Multivalent nanoparticle networks enable point-of-care detection of human phospholipase-A2 in serum.
Chapman R., Lin Y., Burnapp M., Bentham A., Hillier D., Zabron A., Khan S., Tyreman M., Stevens MM.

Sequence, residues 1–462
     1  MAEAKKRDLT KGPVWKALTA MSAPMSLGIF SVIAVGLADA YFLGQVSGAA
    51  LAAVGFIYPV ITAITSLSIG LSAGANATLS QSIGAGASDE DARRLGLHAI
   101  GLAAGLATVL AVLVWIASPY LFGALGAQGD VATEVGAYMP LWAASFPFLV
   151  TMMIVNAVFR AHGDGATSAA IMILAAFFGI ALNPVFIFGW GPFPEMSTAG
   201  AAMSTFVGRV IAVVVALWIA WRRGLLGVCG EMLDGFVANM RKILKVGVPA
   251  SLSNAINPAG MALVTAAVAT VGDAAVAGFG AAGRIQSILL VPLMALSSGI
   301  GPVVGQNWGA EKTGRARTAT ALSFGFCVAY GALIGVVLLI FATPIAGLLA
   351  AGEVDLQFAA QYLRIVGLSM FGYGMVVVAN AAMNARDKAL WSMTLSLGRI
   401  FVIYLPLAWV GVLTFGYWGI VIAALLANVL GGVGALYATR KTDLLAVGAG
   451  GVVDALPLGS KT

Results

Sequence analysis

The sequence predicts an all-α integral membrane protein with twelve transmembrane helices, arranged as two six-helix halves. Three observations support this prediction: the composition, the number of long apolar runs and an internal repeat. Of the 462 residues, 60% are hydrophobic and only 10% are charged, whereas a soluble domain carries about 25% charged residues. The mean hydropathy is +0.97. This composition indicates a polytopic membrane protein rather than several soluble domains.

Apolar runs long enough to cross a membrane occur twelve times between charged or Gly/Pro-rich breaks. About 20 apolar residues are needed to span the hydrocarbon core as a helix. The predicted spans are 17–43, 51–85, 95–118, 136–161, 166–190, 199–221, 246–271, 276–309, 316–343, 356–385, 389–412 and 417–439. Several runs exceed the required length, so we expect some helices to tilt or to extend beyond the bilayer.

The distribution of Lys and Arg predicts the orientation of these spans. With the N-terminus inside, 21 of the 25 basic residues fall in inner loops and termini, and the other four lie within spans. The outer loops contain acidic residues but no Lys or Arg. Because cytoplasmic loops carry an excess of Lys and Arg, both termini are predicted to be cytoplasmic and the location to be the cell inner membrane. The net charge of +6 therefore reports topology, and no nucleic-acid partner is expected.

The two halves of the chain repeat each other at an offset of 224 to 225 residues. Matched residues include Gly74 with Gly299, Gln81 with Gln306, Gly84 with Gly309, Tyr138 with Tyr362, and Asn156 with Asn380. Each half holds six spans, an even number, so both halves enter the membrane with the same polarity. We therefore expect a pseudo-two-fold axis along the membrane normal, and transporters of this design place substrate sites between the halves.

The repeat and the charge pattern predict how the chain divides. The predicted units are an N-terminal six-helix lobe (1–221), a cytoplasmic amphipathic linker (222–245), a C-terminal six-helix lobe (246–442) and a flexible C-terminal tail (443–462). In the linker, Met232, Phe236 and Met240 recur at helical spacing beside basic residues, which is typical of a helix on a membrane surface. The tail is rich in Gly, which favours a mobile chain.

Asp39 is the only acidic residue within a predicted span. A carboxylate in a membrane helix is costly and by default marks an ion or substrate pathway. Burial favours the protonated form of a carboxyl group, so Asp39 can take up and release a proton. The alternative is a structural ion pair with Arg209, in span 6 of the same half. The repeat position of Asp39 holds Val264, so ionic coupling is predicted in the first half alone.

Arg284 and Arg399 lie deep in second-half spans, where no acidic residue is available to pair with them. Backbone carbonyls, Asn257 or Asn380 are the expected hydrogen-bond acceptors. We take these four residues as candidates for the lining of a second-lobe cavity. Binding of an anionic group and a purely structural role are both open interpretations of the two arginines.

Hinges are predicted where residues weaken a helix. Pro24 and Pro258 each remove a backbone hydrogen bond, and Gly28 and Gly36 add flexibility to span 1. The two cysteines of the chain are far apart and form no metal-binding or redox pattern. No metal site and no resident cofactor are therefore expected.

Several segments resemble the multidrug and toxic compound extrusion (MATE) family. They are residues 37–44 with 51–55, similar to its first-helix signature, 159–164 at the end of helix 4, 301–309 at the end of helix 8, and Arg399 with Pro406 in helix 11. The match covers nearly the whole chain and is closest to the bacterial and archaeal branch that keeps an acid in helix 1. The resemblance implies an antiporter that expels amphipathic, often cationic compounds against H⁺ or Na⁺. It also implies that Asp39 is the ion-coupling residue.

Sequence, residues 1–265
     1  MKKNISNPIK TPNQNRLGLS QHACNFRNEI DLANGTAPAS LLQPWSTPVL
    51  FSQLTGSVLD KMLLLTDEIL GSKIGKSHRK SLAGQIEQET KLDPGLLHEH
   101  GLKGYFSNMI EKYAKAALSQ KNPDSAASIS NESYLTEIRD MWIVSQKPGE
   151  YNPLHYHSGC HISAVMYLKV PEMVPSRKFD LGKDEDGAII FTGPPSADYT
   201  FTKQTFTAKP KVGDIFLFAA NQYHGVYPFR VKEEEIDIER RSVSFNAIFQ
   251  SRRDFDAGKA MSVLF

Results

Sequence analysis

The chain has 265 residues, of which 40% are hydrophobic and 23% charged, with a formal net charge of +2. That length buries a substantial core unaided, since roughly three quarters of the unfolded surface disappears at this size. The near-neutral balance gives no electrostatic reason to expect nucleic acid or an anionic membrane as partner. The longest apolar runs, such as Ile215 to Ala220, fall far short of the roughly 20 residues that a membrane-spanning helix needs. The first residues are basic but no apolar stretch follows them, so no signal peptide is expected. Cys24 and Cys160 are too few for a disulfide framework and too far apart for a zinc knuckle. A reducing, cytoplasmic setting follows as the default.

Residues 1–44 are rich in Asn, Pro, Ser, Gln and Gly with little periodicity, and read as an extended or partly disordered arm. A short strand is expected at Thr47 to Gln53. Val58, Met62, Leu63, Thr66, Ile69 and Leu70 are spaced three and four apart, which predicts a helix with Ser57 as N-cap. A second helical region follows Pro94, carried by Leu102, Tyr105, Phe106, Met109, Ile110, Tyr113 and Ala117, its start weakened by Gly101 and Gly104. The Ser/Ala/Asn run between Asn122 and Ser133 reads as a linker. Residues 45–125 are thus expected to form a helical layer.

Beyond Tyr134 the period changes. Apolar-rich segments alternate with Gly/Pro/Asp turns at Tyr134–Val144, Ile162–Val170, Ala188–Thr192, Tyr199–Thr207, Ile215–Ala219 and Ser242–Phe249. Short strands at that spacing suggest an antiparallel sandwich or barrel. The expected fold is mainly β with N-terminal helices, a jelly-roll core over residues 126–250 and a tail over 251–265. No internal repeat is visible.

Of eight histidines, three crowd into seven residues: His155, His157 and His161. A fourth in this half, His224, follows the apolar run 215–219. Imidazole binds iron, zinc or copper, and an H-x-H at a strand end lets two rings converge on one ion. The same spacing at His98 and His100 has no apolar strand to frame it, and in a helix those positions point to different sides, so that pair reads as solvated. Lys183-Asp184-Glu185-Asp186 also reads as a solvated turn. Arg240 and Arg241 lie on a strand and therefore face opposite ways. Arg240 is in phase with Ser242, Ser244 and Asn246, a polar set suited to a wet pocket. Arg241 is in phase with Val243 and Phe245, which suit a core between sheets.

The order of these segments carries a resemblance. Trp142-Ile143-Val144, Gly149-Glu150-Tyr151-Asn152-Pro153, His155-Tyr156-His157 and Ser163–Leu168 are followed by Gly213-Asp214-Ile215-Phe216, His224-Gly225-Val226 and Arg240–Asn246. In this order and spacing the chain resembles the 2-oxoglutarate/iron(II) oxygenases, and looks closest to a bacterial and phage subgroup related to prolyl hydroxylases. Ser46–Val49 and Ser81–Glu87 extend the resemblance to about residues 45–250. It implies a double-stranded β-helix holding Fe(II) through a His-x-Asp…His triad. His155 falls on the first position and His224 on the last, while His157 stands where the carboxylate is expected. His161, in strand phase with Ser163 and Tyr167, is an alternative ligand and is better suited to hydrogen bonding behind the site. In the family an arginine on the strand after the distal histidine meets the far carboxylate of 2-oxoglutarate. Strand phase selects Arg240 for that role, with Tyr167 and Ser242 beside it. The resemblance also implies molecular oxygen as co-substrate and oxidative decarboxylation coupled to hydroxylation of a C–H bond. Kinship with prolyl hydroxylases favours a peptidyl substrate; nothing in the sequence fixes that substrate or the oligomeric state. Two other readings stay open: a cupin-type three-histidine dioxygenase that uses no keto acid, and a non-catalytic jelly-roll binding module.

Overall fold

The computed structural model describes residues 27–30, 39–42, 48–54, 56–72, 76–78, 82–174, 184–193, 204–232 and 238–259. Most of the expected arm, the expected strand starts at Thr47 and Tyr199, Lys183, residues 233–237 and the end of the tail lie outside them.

A rapid and highly sensitive point-of-care (PoC) lateral flow assay for phospholipase A2 (PLA2) is demonstrated in serum through the enzyme-triggered release of a new class of biotinylated multiarmed polymers from a liposome substrate. Signal from the enzyme activity is generated by the adhesion of polystreptavidin-coated gold nanoparticle networks to the lateral flow device, which leads to the appearance of a red test line due to the localized surface plasmon resonance effect of the gold. The use of a liposome as the enzyme substrate and multivalent linkers to link the nanoparticles leads to amplification of the signal, as the cleavage of a small amount of lipids is able to release a large amount of polymer linker and adhesion of an even larger amount of gold nanoparticles. By optimizing the molecular weight and multivalency of these biotinylated polymer linkers, the sensitivity of the device can be tuned to enable naked-eye detection of 1 nM human PLA2 in serum within 10 min. This high sensitivity enabled the correct diagnosis of pancreatitis in diseased clinical samples against a set of healthy controls using PLA2 activity in a point-of-care device for the first time.